Event: Hot off the Presses: UC Riverside Center for Ideas and Society. Reading/talk by Allison Adelle Hedge Coke, interviewed by UCR Associate Professor of English Michelle Raheja
Time: 6-8 p.m., PST — IN PERSON
Riverside Public Library – Inlandia Institute
3900 Mission Inn Ave. in Riverside
Details: Inlandia Institute
Time: 6:30-8:30 p.m., PST — IN PERSON
Medicine for Nightmares Bookstore
3036 24th St, San Francisco, CA 94110
Time: 6 p.m., PST, 9 p.m. EST — HYBRID
Ventura County Poetry Project; EP Foster Library, 651 E. Main Street in Ventura, Calif.
Details: Ventura County Poetry Project- Facebook
Time: 11 a.m., PST — VIRTUAL
Cal State East Bay
Reading and conversation, hosted by Trinie Dalton, assistant professor with the Department of English/Creative Writing
Details: Cal State East Bay
Time: 1:40 p.m. — IN PERSON
Los Angeles Times Festival of Books, Poetry Stage
University of Southern California, in the University Park neighborhood, downtown L.A.
Details: Los Angeles Times Festival of Books
Time: 6 p.m., PST — VIRTUAL
Eastern Oregon University's webinar series, Ars Poetica. A reading and conversation, hosted by MFA faculty Abigail Chabitnoy
Details: EOU Ars Poetica
Cellar Door Books — IN PERSON
5225 Canyon Crest Dr #30a, Riverside, CA 92507
Details pending: Cellar Door Books
Time: 6:30-8 p.m., CST — VIRTUAL
Voces de Luna: Allison Adelle Hedge Coke writing/teaching masterclass series “Creativity and the Nueva Consciencia,” a nod to Gloria Anzaldúa and the social change she inspires. Hosted by author and poet Natalia Treviño.
Details: Registration link pending
Praise for “Look at This Blue”
“What Hedge Coke provides readers in the pages that follow is the lightning rod. Her long poem slips in and out of images of violence against the land, specifically California, the flora and fauna and many immigrants and indigenous peoples of that land, the poor and cast out and overlooked and neglected and abused of that land, ever aware of the undercurrents that connect each transgression. While I’ve grown suspicious that one can give voice to the voiceless without doing further violence, these lines are not acts of ventriloquism, nor even quiet moments of witnessing. These are the aftershocks of the violences we as a nation would not see, haunting the periphery until there is nowhere we can look without being made at last to see. But in this litany of those who have been lost and those who are at risk, so too there is an act of preservation, a summons, and offering. If not promise, then a charge, a spark, to move us along. This book is like nothing I’ve seen from Hedge Coke before. It was just what I needed to read right now.” —Abigail Chabitnoy, Orion Magazine
“Holding this book in your hand, you catch the scent of high desert salvia and a whiff of charred ancient forests. Pyrocumulus loom over this text, an assemblage in the vein of Juan Felipe Herrera and C. D. Wright, etched in chants of forewarning and loss. Hedge Coke’s reckoning with the genocide of the Indigenous and the mass extinction of endemic species bares the roots of conflagration throughout ‘Indian Country, California, every bit.’ Look at This Blue is itself a blue flame that comes to us in time.” —Sesshu Foster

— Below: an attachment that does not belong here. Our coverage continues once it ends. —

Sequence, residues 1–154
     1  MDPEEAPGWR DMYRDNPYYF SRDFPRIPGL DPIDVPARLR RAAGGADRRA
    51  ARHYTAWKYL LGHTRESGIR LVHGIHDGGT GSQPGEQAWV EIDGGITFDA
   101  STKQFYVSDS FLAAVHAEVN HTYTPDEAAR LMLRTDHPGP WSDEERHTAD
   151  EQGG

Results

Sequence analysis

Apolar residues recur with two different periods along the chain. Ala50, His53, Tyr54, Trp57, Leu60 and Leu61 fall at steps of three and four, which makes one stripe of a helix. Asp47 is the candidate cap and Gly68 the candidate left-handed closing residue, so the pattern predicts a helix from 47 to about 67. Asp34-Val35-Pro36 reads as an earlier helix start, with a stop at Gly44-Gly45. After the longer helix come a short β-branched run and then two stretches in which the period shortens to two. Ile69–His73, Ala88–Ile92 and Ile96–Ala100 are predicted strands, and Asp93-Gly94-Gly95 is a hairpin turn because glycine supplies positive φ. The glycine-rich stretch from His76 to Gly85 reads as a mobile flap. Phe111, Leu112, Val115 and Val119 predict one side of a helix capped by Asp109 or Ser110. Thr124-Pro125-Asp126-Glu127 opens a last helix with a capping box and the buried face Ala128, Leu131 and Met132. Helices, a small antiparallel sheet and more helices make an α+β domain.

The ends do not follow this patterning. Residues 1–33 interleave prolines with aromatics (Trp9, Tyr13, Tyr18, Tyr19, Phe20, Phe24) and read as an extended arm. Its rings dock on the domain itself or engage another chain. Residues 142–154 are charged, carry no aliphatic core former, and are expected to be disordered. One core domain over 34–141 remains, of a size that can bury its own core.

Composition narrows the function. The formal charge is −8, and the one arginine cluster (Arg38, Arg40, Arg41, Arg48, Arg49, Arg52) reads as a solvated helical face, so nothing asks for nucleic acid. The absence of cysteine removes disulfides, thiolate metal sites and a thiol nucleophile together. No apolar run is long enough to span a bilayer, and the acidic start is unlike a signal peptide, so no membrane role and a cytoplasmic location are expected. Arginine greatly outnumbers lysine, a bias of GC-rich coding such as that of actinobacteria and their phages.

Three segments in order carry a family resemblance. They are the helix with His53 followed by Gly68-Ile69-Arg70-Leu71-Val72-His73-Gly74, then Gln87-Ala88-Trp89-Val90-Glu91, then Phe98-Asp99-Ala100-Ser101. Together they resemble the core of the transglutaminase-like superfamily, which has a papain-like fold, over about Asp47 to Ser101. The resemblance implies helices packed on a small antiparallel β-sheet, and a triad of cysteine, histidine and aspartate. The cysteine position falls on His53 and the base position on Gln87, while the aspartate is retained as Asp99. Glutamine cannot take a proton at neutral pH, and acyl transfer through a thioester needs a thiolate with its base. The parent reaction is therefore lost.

“Here is a lifetime, relentless, inviting us bravely to sit in a circle facing the fire, speaking. Allison’s new collection covers her poetic depth and practice: travels, research, vision and visions, her wide wingspan—saving the people, the planet, and creatures. It is timely as all her books have been through the decades. Yet, the approach is radical, experimental. She meditates and dances through the trails of the text. Love and suffering, document and lyrical flight, human core and cosmic interrelationship, woman’s body and explosive mind. A prizewinner all the way. A warm, true heart.” —Juan Felipe Herrera
“Song from both above and within a texture of bad change, imbued with beauty, being in and of nature. This language, these careful lines, implicates us all as bits of process of extinction, violent—humans, together with the Xerces blue butterfly and California’s so many other spectacular species, lovingly named. Voices, vegetation, animals, human recall and event, like scratchings or petroglyphs. Who’s speaking? The record. A gorgeous, scary poem.” —Alice Notley
“How blue are you? Xerces-butterfly blue, coyote-eye blue, lake blue, Mission blue: this is the blue of beauty and the blue of grief. Look at This Blue is a necessary reckoning with the ongoing, disastrous, criminal genocide perpetuated in the Golden State, amongst the beauty and riches of its landscape. As Hedge Coke writes, the poem is ‘the offering we make.’” —Eleni Sikelianos